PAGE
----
AMP has strenuously denied allegations made during the Royal Commission that it is open to being charged with committing a criminal offence over the Clayton Utz Report provided to the Australian Securities and Investments Commission (ASIC).

The financial services firm has also denied suggestions at the Royal Commission around the existence of a general rule around fees being switched on for around 90 days after a client became orphaned.

In a submission responding to the issues raised in the Royal Commission into Misconduct in the Banking, Superannuation and Financial Services, AMP said that the Clayton Utz report had been “uncompromisingly direct and comprehensive” and had been the result of multiple employee interviews.

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“It can only have been of assistance to ASIC in its investigation, and to Counsel Assisting in preparing cross-examination. It contains serious adverse findings, including a number of inaccurate or misleading statements to ASIC which form the basis of Counsel Assisting’s submission on that topic,” the submission said.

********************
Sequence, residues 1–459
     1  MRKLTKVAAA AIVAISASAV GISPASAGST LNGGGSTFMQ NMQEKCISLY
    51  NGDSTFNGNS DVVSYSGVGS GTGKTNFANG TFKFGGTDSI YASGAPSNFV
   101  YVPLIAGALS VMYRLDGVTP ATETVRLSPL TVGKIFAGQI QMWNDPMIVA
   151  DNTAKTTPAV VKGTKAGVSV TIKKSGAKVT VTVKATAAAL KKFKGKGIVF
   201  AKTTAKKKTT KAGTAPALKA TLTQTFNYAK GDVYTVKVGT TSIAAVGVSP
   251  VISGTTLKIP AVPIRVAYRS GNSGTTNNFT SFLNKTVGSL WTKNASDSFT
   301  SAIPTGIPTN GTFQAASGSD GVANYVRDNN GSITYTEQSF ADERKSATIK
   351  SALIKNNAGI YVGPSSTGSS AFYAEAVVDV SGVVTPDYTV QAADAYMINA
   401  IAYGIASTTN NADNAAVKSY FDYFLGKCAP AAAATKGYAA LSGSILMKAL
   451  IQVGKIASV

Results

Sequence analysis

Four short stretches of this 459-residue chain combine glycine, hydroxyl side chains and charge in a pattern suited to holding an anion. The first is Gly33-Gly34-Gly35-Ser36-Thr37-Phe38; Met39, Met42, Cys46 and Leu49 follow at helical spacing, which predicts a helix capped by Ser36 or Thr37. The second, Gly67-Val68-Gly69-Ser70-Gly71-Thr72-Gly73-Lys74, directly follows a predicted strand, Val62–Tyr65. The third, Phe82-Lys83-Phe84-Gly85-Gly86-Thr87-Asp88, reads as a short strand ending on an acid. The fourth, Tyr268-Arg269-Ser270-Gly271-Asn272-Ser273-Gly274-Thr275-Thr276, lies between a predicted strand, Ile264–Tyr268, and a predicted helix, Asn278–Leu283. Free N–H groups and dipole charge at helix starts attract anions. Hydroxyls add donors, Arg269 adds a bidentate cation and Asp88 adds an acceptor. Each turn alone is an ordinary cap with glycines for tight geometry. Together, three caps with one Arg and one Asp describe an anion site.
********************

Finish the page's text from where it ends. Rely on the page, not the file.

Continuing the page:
It went on to say that the issues raised by the case study with respect to AMP concerned matters that were almost entirely the subject of an ongoing ASIC investigation which was nearing completion at the time the Royal Commission began.

On the question of the so-called 90-day rule, the submission said: “The 90 day exception and ringfencing were exceptions to the BOLR Policy, generally authorised by the Managing Director or Head of Financial Planning of the relevant Advice Licensee, under a purported exercise of delegated authority”.

The AMP submission then goes on to extensively outline the approach adopted by the AMP board and to justify the actions to it took, stating “there can be no fair criticism of the entire Board’s role in relation to the [Clayton Utz] report.

However, in doing so, the AMP submission pointed to the role of the company’s legal counsel, Brian Salter and said “the extent of the involvement that Mr Salter had in the preparation of the report was surprising to the Board of AMP as it was to Mr Regan.